The word whatever exhibits several grammatical properties. It can be used as an adverb, a conjunction, a determiner, or a pronoun.
As a relative pronoun
As a relative pronoun, whatever introduces a relative clause.
You may take whatever you like.
Whatever you do, I will always love you.
As a question pronoun
Whatever can introduce a question.
Whatever do you mean by being rude? (More emphatic than ‘What do you mean by being rude?’)
Whatever as a conjunction
As a conjunction, whatever connects two clauses.
We must stay united whatever happens.
Whatever means ‘it doesn’t matter what’.
Whatever happens, stay calm.
The same idea can be expressed using the expression ‘no matter what’.
We must stay united no matter what happens.
No matter what happens, stay calm.
Note that clauses with no matter what cannot act as the subject or object of another clause. Whatever is possible in this case.
You are free to do whatever you want. (NOT You are free to do no matter what you want.) (Here the clause ‘whatever you want’ is the object of the verb do. No matter what is not possible here.)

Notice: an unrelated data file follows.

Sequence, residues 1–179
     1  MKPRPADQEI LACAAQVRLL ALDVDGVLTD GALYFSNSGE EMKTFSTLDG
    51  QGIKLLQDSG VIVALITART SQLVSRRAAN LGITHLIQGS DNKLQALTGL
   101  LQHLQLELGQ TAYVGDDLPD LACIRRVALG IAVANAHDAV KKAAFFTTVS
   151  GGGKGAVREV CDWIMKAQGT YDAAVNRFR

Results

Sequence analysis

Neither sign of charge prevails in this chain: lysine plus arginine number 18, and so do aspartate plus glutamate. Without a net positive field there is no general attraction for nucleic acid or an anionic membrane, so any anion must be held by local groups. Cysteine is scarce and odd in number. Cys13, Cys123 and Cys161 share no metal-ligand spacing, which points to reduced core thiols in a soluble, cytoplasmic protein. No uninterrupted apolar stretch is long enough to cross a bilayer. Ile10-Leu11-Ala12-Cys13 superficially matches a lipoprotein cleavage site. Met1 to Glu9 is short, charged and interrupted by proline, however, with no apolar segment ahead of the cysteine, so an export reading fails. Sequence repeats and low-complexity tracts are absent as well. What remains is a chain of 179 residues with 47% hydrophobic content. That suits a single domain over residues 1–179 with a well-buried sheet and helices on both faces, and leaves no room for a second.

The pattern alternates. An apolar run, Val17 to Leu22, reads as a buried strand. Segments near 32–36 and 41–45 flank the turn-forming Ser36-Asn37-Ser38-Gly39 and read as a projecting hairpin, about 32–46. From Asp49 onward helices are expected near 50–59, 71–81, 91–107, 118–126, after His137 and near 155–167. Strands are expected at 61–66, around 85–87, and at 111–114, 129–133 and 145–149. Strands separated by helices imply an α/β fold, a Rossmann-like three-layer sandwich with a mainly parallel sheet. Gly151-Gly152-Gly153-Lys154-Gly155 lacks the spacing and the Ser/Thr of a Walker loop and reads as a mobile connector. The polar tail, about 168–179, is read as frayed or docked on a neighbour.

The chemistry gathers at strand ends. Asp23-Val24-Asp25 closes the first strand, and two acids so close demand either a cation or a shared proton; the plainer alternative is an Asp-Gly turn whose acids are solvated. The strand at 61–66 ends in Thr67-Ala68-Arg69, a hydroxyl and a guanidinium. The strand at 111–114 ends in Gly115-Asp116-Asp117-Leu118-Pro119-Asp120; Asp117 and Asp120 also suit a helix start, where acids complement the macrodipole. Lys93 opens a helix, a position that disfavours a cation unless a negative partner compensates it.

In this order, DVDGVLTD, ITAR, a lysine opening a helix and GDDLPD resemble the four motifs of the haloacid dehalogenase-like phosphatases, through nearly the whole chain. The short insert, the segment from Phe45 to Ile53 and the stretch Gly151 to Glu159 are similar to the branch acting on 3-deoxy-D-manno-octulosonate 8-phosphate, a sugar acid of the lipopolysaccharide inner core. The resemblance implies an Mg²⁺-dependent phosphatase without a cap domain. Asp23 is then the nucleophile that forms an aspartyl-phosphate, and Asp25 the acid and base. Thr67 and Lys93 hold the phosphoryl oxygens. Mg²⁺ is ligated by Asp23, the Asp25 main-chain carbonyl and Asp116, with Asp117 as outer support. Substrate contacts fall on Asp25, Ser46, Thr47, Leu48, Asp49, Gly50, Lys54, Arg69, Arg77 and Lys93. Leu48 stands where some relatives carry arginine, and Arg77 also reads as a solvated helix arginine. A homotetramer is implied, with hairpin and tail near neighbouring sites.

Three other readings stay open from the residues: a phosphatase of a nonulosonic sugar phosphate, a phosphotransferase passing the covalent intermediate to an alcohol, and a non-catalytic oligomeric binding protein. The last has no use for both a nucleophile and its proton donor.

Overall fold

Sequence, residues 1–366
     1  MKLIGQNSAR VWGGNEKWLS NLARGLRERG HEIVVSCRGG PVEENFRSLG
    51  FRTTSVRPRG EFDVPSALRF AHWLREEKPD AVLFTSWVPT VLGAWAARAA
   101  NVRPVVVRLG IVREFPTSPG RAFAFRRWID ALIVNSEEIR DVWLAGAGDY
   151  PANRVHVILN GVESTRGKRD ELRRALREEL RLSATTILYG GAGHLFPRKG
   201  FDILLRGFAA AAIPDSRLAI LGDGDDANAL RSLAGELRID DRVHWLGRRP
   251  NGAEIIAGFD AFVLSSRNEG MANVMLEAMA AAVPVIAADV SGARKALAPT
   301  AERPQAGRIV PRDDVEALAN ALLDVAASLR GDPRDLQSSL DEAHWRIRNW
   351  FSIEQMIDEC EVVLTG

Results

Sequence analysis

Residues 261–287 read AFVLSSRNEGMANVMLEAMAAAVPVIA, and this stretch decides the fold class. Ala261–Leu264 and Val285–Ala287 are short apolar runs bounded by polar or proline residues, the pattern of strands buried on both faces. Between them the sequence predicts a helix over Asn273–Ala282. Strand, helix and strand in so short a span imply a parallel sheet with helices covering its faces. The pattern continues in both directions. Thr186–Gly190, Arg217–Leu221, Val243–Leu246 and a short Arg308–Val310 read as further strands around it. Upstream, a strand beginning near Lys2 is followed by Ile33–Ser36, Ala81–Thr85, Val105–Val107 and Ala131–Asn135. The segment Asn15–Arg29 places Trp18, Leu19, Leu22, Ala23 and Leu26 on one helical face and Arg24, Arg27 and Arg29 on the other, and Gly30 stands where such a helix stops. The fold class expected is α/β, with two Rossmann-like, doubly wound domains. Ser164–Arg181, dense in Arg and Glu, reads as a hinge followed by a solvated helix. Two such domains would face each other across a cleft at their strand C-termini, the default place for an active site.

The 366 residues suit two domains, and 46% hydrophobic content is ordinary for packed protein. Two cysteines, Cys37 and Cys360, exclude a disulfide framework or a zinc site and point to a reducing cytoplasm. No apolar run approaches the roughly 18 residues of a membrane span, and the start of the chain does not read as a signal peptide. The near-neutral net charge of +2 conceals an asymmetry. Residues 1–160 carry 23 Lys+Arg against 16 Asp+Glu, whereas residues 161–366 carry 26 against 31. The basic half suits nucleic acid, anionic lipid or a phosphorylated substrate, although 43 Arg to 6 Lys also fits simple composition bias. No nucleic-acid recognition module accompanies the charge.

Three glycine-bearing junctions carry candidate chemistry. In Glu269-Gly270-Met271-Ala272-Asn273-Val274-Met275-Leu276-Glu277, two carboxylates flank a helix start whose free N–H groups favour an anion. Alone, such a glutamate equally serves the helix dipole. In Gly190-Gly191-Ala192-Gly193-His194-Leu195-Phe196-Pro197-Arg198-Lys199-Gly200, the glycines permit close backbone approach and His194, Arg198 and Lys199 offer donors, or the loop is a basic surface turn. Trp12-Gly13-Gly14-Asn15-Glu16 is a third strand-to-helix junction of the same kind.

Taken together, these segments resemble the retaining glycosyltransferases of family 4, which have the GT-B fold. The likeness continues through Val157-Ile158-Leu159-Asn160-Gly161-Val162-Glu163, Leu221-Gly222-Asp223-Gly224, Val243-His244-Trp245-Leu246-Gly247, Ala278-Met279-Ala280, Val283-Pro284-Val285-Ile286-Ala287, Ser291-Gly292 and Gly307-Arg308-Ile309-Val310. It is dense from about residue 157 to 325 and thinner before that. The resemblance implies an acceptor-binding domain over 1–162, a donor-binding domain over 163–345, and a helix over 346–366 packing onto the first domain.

Whatever happened between us is none of your business.
Whatever can be used for saying that what happens is not important because it does not make any difference to a situation.
I will love him whatever he does.
Whatever can also be used for saying that you do not mind which thing is chosen.
‘What would you like to drink – tea or coffee?’ ‘Whatever. I don’t mind.’
Whatever can be used as an emphatic form of ‘what’.
Whatever do you mean by being rude to everybody? (= What do you mean by being rude to everybody?)
Whatever are you doing there? (= What are you doing there?)
Whatever happened to that 100 dollars you borrowed from me? (= What happened to that 100 dollars …)